9. The cued FC test is administered one hour later. The context of the chamber is changed by removing the grid floor, adding panels to the outside of the chamber, and cleaning the floor with a scented household cleaner. The animal's freezing behavior is observed for the first minute, and freezing levels are very low if the context has been sufficiently altered (Fig. 4). The tone is then played for 3 minutes, followed by a final minute of silence, and percentage time spent freezing is calculated. Normal animals show high levels of freezing during this time (Fig. 4).
  10. In total, 5 discrete measures of freezing behavior are collected; (1) baseline; (2) post-training; (3) context test; (4) pre-cue test; (5) cue and post-cue test.
  11. Absence of freezing during the baseline phase establishes normal anxiety levels, while substantial freezing during the post-training phase suggests intact sensory-motor ability. Freezing during the context test establishes 24-hour memory for the training context, which relies on intact hippocampal and amygdala function9. A lack of pre-cue test freezing suggests sufficient alteration to the initial training context. Cue and post-cue freezing establishes 24-hour memory for the tone stimulus, which relies on intact amygdala function9.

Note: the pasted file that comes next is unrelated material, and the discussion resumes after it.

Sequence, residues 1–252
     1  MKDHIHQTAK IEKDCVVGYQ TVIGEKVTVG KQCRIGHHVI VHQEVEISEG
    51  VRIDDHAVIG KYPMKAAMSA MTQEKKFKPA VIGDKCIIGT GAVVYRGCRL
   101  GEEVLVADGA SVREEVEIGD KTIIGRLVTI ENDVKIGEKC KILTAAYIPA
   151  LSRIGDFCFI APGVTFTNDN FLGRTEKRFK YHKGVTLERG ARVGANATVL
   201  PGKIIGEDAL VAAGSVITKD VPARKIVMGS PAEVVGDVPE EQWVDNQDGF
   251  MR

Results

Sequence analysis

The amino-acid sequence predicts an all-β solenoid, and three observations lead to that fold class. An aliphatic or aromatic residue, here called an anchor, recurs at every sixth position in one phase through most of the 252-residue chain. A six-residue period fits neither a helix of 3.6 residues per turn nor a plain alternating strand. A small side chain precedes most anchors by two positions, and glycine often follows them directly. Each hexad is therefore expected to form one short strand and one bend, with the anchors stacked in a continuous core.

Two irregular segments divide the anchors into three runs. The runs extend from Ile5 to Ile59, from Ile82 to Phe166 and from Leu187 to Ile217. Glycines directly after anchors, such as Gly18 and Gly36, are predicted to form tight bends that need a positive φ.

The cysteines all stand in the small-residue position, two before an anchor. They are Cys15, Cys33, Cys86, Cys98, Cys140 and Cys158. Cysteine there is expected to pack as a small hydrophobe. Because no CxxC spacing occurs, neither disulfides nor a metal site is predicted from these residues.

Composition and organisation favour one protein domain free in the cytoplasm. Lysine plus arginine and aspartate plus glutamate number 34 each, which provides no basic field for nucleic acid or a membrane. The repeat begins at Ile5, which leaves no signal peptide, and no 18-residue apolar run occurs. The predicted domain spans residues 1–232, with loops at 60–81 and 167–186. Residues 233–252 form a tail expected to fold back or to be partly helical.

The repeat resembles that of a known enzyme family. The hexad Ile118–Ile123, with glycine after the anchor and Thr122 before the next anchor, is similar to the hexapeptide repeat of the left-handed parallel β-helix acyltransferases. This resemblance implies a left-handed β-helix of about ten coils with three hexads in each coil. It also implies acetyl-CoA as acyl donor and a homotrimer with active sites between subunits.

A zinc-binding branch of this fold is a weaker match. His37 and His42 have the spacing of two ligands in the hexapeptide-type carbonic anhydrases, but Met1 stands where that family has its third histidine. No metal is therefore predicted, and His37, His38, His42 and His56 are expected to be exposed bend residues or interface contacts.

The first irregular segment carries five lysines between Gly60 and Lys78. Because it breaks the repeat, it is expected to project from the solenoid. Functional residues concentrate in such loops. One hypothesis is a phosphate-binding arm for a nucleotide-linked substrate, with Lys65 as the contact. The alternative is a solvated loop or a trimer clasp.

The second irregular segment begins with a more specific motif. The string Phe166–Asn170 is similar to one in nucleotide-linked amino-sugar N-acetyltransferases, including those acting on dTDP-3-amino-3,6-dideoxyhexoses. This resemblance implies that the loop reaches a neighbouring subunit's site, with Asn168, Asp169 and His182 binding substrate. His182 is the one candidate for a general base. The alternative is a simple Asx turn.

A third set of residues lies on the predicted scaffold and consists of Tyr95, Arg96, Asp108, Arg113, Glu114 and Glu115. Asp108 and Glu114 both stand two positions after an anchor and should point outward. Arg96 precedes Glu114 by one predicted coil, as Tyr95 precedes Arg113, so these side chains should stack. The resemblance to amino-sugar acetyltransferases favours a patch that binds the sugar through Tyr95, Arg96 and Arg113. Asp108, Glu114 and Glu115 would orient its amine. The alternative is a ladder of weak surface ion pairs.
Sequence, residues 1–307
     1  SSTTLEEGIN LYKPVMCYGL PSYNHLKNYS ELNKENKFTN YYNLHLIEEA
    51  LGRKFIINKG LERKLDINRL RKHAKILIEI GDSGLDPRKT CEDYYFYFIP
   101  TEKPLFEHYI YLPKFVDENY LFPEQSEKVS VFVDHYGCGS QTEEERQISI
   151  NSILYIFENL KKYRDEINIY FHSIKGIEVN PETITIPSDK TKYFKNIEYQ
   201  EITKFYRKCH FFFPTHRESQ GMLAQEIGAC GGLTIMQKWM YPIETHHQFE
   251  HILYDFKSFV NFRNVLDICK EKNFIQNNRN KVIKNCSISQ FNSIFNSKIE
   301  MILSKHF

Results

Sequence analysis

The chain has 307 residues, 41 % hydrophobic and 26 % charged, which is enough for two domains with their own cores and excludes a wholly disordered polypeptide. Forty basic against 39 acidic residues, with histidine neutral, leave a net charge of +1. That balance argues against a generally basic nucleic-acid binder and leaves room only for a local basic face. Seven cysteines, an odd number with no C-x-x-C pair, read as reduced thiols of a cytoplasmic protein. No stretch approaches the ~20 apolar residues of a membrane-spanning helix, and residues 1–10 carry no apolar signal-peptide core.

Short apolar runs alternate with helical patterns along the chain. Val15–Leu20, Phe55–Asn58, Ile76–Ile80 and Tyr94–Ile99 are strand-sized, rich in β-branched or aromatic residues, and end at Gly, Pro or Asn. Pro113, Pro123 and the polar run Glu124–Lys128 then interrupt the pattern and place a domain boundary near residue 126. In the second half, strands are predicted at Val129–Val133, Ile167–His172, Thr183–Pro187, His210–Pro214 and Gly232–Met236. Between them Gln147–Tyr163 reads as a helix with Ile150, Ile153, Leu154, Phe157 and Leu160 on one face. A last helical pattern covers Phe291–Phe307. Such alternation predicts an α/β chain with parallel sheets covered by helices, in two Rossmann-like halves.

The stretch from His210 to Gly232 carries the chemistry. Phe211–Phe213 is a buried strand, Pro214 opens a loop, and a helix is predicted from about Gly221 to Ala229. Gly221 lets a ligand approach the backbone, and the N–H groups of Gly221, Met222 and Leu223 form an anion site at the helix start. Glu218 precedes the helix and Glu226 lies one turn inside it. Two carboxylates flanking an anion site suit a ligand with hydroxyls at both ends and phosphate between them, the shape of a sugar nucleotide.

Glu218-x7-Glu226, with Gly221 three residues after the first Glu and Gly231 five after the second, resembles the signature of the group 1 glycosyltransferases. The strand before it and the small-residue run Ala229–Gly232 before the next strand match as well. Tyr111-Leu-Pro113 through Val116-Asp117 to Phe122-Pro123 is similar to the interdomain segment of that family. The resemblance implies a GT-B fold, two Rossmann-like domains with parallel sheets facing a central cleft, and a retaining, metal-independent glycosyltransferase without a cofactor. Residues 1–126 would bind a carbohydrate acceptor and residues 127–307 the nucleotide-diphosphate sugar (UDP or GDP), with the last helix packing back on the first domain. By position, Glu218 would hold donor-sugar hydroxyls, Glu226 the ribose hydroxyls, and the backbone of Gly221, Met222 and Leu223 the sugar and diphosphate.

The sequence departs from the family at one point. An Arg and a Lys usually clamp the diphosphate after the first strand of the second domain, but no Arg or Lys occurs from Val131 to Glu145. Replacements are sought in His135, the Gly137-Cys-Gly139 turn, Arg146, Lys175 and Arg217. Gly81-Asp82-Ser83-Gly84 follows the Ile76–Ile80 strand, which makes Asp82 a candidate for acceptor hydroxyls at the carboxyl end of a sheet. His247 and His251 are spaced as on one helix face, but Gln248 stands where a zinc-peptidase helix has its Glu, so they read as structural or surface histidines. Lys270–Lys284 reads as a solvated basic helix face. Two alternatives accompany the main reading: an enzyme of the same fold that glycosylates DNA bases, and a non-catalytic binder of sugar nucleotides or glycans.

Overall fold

4. Conducting the Morris Water Maze (MWM) Task

  1. Morris Water Maze task procedures are based on previous descriptions10,11.
  2. The Morris water maze (MWM) task is a test of spatial learning for rodents that requires the use of distal cues to locate a submerged escape platform in a large pool of opaque water. Large, distinct visual cues are placed around the pool in specific, constant locations. Animals learn to use these cues to navigate to the submerged platform. Animals are monitored and removed from the water if they are unable to swim.
  3. Spatial learning is assessed across repeated trials and reference memory is determined by assessing preference for the platform area when the platform is absent. Reversal trials enhance the detection of spatial impairments, and may tax additional brain regions such as the frontal cortex10.